I've got this can of Folgers, you just need to sniff...
Mar 24, 11 7:49 PM appended by Mr. Z
BTW, Time magazine, November 9, 1998.
By Mr. Z (11847), North Sea on Mar 24, 11 7:49 PM
Givebacks should start with the Administras and Superintendants office. The overall budget should not have any increases over last year. Vote NO
By westhamptonboy (227), Westhampton on Mar 22, 11 4:16 PM
Teachers are more important than computers. Individual computers are a
luxury that the most affluent schools don't supply. Computers in classrooms
where they are needed is all that is necessary. Eliminating individual
computers and the support that is needed to maintain them should be
looked at before the threat of eliminating the most critical aspect of learning,
the teacher....

By jb89 (1), westhampton on Mar 22, 11 9:38 PM
If they can come up with refurbishable hardware, I could help with that. I've been known to fix a PC seriously "on the cheap". You just have to know how, and where to shop, as well as what is worthy of an upgrade.

I might even be inclined to teach a class on basic computer construction in my free time.
Mar 22, 11 10:34 PM appended by Mr. Z
P.S. NO macs, PLEASE, and Ubuntu is FREE.
By Mr. Z (11847), North Sea on Mar 22, 11 10:34 PM
Why is it that administrators assistant administrators, assistant principals or principals are never cut. Why can't the superintentant oversee the schools. what does the super really do?
By maxwell (169), speonk on Mar 23, 11 2:15 PM
3 members liked this comment
Yeah, what the heck does he do for $225k per annum? He should teach 50 classes per week for that kind of money.
By Old School (22), Southampton on Mar 23, 11 5:05 PM
I agree with bigfresh. They are going to eliminate a bunch of $30 per annum jobs to keep their $225k jobs. It's nothing new. It cracks me up that Schwartz got all choked up over letting all of those border-line-poverty jobs go, cutting programs, but didn't mention an across the board cut for the administration.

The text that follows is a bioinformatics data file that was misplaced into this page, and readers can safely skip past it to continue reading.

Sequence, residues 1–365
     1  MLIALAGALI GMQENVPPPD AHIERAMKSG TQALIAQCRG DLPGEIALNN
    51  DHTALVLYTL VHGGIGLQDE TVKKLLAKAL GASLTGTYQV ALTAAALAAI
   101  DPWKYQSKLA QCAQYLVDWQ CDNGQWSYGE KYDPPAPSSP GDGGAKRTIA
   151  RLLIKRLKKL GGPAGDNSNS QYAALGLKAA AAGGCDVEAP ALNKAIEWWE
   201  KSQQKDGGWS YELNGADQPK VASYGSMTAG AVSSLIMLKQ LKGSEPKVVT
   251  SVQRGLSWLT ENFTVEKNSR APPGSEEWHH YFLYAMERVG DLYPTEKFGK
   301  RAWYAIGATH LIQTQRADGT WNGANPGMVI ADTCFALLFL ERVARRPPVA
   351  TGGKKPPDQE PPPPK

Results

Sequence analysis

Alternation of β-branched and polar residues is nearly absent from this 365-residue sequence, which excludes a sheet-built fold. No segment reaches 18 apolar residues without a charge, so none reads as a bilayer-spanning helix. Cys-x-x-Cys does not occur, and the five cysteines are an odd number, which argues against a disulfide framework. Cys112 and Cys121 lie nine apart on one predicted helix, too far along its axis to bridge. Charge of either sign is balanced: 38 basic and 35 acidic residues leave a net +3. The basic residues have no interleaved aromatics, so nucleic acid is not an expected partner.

By Old School (22), Southampton on Mar 23, 11 5:03 PM
See response to progressnow, above...
By Mr. Z (11847), North Sea on Mar 24, 11 8:06 PM
Every Student gets a school issued laptop and you have to cut staff? You just installed a new turf field? Sounds like a chess match. Do not forget the feeder districts can send their students to another school. Be careful
By sag runner (24), Easthampton on Mar 24, 11 10:52 AM
I was a student at WHBHS during the dawn of the laptop era and can say with conviction that the initiative has provided little to no benefit to the students. In fact, the portable PCs have certainly caused their share of problems including pornography and theft. Readers of this site may not be as lucky as me in that I am "friends," if only on Facebook, with many current Westhampton students. Judging by their daily activity on the site and the content they release, it would be hard for any reasonable ...more
By wrk (20), East Quogue on Mar 24, 11 12:37 PM
3 members liked this comment
This just in:

Trojans for MacBooks coming soon!

And yep, pun intended...
By Mr. Z (11847), North Sea on Mar 24, 11 7:46 PM
that new turf field was the best money ever spent
By westhamptonboy (227), Westhampton on Mar 24, 11 5:08 PM
Did the school board create a red herring?Does apple have a long contract? Time for the administration to be examples and make a finacial sacrifice.
By 3k (7), easthampton on Mar 24, 11 7:27 PM
Hopefully not.

Unless things have changed, Apple products are usually about double the price, for the same hardware you can get anywhere else. There are educational discounts from places like TigerDirect, and you don't even necessarily need to use Windows. Ubuntu is a great FREE operating system, and many of the software companies out there write versions for Linux.

They probably chose them because to the "no virus" thing, no BIOS access, and their proprietary software, but I ...more
Mar 24, 11 8:04 PM appended by Mr. Z
Also, with Windows, you can set up restricted accounts on the PCs, block particular websites, and even lock out the BIOS, so there is no easy way for anyone to change the function of the OS, reformat the drive, or replace the OS with an unrestricted one. Who runs that show?
By Mr. Z (11847), North Sea on Mar 24, 11 8:04 PM
As a fellow former student I am bewildered by this article. While I understand that by the numbers there needs to be a a cut somewhere to offset the increasing salary costs and operating fees, I do not understand cutting useful and even necessary teaching positions. The loss of a few aides, monitors and security personnel is not a big deal. However, as a student at a competitive university I can personally attest to the need for a class such as study skills. I'm sure anyone who has attended college ...more
By khubba02 (1), Westhampton Beach on Mar 25, 11 11:32 AM
1 member liked this comment